Parasite Eve has the energy that Square Enix needs to bring to new IP in 2023
Is Square Enix on the cusp of a new golden age, or is it still swimming upstream? Right now, it’s honestly hard to tell.
On one hand, Final Fantasy 16 looks absolutely balls-to-the-wall incredible. You’ve also got the company putting out a wide variety of games that really play to its strengths. There’s much-anticipated remasters like Chrono Cross, Crisis Core, and Live A Live. There’s series continuations and revivals for the likes of Valkyrie, SaGa, and Star Ocean. And there’s fascinating new bets ranging from the nichely obscure like Voice of Cards and Paranormasight to interesting new takes on some of the concepts the company is best known for, like Harvestella and Diofield Chronicle.
On the flip side, it seems barely anybody played a lot of these games. Some of them launched with little fanfare; it was easy to miss that something like Star Ocean: The Divine Force had even released. But the quality and breadth is a badge of honor, at least. As a buddy of mine argued, even if a failure, that line-up was a breath of fresh air.
And then, obviously, you’ve got Forspoken. Forspoken is a big ol’ swing and a miss. It’s a decent game, you know – better than the internet at large really gave it credit for. Some undeniably cringeworthy and dodgy elements became a lightning rod for the haters, some of whom clearly only disliked the game for its protagonist’s identity. In truth, Forspoken sort of reminded me of the first run-out of a lot of franchises – the first Assassin’s Creed, for instance. It’s an uneven, stumbly proof-of-concept with a wildly bloated budget that probably would’ve gotten way better in a sequel. Not that it matters now, mind: Forspoken developer Luminous Productions is closing, with its workforce absorbed into and scattered across the rest of Square Enix. That much-improved sequel will probably never happen.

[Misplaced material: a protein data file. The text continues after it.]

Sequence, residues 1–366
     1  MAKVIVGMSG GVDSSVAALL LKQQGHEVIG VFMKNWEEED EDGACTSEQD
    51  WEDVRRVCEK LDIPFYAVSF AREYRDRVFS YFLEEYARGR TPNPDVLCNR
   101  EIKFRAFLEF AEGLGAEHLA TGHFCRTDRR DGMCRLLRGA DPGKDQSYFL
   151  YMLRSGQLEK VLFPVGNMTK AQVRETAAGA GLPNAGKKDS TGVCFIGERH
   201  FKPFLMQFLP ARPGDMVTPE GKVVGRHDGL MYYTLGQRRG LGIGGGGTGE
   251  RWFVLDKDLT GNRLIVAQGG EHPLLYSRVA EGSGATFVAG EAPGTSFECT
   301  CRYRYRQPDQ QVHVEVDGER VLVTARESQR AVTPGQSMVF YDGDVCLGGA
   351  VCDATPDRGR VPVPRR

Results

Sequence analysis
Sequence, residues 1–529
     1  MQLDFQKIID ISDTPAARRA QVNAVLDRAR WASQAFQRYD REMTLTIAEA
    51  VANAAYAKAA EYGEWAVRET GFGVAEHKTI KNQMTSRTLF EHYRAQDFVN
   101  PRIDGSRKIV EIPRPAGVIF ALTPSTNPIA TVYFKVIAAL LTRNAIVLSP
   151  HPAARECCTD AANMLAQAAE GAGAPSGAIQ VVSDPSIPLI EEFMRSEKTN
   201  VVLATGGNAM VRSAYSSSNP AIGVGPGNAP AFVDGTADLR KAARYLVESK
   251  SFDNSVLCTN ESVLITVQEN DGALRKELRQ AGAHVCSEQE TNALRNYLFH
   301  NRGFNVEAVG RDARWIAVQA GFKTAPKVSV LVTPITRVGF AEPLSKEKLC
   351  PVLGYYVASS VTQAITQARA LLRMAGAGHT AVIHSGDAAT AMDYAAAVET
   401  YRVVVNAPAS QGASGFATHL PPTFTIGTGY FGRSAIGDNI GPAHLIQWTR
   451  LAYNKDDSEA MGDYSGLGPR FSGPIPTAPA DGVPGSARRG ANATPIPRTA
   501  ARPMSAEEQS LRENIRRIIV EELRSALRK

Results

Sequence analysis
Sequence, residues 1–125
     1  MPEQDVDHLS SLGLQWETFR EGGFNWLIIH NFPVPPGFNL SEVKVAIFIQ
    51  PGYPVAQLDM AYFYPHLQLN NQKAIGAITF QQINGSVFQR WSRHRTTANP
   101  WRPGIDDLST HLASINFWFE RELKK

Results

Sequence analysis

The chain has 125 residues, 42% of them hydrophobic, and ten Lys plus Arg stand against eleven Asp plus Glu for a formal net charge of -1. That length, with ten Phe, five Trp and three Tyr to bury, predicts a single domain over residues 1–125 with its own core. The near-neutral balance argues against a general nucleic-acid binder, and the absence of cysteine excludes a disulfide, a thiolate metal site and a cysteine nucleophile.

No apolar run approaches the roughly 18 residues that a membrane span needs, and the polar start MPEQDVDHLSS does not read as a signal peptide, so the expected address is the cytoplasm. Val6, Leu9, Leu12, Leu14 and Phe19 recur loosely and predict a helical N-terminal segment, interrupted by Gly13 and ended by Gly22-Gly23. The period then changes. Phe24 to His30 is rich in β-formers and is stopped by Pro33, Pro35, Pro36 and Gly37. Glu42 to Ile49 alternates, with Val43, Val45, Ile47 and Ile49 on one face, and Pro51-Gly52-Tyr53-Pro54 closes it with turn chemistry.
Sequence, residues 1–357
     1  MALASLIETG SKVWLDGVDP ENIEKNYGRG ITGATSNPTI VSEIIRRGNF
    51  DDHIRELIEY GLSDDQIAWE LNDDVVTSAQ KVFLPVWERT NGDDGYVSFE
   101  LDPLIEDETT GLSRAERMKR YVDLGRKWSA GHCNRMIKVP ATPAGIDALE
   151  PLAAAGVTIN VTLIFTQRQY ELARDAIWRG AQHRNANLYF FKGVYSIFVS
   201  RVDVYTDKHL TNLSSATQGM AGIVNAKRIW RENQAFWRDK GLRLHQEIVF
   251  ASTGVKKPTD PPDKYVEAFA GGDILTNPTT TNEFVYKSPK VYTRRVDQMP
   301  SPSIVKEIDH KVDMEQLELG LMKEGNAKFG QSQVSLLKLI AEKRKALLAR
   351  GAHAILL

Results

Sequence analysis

And thus concludes an analysis of the state of Square Enix: an interesting slate, perhaps poorly scheduled, sometimes under-marketed, and often misunderstood. A fair amount of critical success, but not really as much commercial success as might be expected or deserved. Though, as ever, a new Final Fantasy peeks over the horizon, threatening to change the conversation entirely.
This whole thought process was triggered by a Square Enix anniversary, for today marks 25 years since the release of the original Parasite Eve. It gets one to thinking: this is honestly the quintessential Square game of its era that isn’t a Final Fantasy game. It’s a little bit familiar, a little bit weird. It’s very audacious. And it’s exactly the sort of game Square Enix should be making more of now.
When you see people hand-wringing over Final Fantasy 16 being obviously inspired by Western RPGs and jettisoning a bunch of series traditions, remember this: this sort of thing has been Square Enix’s MO forever – even back before Enix was in the picture. Parasite Eve is the perfect exampl; released two years after Resident Evil and pitched in Japan as the “Hollywood RPG”, it mingled survival horror action with Square’s RPG chops. And the result is wonderful.
Parasite Eve was as good as an all-new property, as while it is based on a Japanese novel of the same name, the book’s audience was relatively small at the time. Square Enix expertly traded on its skyrocketing reputation and the success of Final Fantasy 7 at this time, making sure pretty much every PS1 RPG it put out was unique in some way, taking popular elements and ideas from elsewhere and forcing them into some twisted form of their RPG framework.
It’s this that is Parasite Eve’s magic, its X-Factor. The mix of mechanics, ideas, and aesthetics is simply perfectly pitched. A fan of FF7 could come to this game and see in it a lineage from those creators and that game. But so too could a Resident Evil or Silent Hill fan, who in turn might gain a greater appreciation for RPGs.
Parasite Eve didn’t feel as big as a new Final Fantasy, but it also didn’t feel small and insignificant: it felt like Square was throwing everything at the wall. It’s more confident and self-assured than many of Square’s attempts at all-new franchises today, even as it took risks. Make no mistake that this was a risky game, too – with its horror elements, by being the company’s first ever M-rated game, and even by having an unprecedented number of Westerners on its team, with part of Parasite Eve’s development taking place in Hawaii.
Parasite Eve as a series eventually stalled, of course. There was a decent sequel, and then a fairly wretched threequel that (at the very least) had engaging gameplay. But to my mind, it remains the template I wish Square Enix would follow when trying to establish new things. It’s the perfect mix of familiar and new, of safe and adventurous.
It’s also still brilliant, and startlingly unique, even now, 25 years later. It’s a wonderful historical artifact – and one that perhaps modern Square could learn a lesson or two from.
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